Obama Trade Deal In Trouble in Senate

President Obama, Senate Majority Leader Harry Reid and Senate Minority Leader Mitch McConnell at the White House.
AP/Charles Dharapak
Washington, DC

It’s not dead yet, but President Barack Obama’s trade agenda is in trouble in Congress right now. On Tuesday, ahead of a scheduled procedural vote called the “motion to proceed”—which normally passes with no problems—a bipartisan group of senators stood together against the Trade Promotion Authority (TPA) that fast-track Obama’s Trans-Pacific Partnership (TPP) Pacific Rim trade deal, minimizing Congress’ authority when it comes to trade deals.

“A group of pro-trade Senate Democrats announced on Tuesday that they will vote against a fast-track trade measure, effectively blocking the bill from being debated by the Senate,” Politico reported in a breaking news alert. “After a lengthy meeting on Tuesday, the Democrats said Majority Leader Mitch McConnell had not guaranteed sufficient concessions on worker protections.”

Sources across Capitol Hill say this doesn’t kill the trade deal entirely, but will stall it for at least a couple of days. It’s also a big embarrassment to McConnell, as the real expected fight was going to be on the motion to cut off debate—cloture—later in the week or early next week, and his failure to simply be able to bring a bill he supports to the floor is essentially a U.S. Senate vote of no confidence in his ability to lead.

This all comes as almost every Republican running for president—from Sen. Rand Paul (R-KY) to Dr. Ben Carson to Carly Fiorina to former Arkansas Gov. Mike Huckabee to Louisiana Gov. Bobby Jindal and more—have come out swinging against rushing this secretive trade deal through Congress.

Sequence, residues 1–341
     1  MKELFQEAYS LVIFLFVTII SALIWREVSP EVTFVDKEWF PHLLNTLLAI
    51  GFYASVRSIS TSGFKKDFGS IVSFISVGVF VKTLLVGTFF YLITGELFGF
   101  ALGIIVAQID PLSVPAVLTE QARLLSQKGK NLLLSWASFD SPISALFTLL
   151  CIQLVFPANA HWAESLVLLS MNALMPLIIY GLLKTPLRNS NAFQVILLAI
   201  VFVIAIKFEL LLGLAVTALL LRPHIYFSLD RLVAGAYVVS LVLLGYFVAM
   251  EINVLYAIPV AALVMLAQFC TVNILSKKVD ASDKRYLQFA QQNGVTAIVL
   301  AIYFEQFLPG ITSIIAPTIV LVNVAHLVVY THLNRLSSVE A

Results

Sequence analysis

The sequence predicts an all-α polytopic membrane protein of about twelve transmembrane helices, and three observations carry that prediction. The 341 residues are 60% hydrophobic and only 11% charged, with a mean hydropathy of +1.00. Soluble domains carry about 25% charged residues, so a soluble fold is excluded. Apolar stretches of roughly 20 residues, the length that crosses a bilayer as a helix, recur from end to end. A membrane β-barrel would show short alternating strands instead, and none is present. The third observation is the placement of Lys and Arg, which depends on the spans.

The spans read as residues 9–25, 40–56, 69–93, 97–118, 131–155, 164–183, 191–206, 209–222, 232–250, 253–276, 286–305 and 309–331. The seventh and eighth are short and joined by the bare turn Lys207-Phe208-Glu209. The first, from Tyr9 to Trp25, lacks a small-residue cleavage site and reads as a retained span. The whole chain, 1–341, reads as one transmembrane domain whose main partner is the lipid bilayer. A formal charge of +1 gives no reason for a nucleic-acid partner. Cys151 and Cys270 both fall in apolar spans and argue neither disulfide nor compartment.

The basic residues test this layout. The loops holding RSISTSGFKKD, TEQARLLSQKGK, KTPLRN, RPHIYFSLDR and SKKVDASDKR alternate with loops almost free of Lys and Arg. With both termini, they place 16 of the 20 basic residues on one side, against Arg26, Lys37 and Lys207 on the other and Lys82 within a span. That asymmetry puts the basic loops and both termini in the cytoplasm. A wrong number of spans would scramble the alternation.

“What is in this agreement known as TPP? I, as a United States Congressman, can read the negotiations,” Rep. Jeff Duncan (R-SC), a conservative, wrote for Breitbart News in a piece where he calls on Congress to oppose the deal. “However, in order to read them, I must be in a classified reading room in the Capitol, sign a non-disclosure agreement which assures that I will not discuss the contents of what I have read, and I am allowed to take notes, but I have to leave them in the room.”

This deal was expected to sail through the U.S. Senate, too, and its failure to pass even on the motion to proceed—a purely procedural measure—shows just how toxic Obama’s trade agenda is, even though Republicans in leadership keep trying to sell it to get it through using phony poll-tested talking points from GOP pollster Frank Luntz.

It’s unclear if McConnell will now abandon his plans to push through Obama’s trade agenda, or if he’ll try again to pass it—but one thing is now clear: It’s going to be a lot more difficult than anyone thought to get this through the Senate even if it is possible to do so. What’s more, just like the “Gang of Eight” amnesty bill, it’s unclear if House Speaker John Boehner would even be able to get it passed through the House at all–and if he were, without an uprising against his leadership team.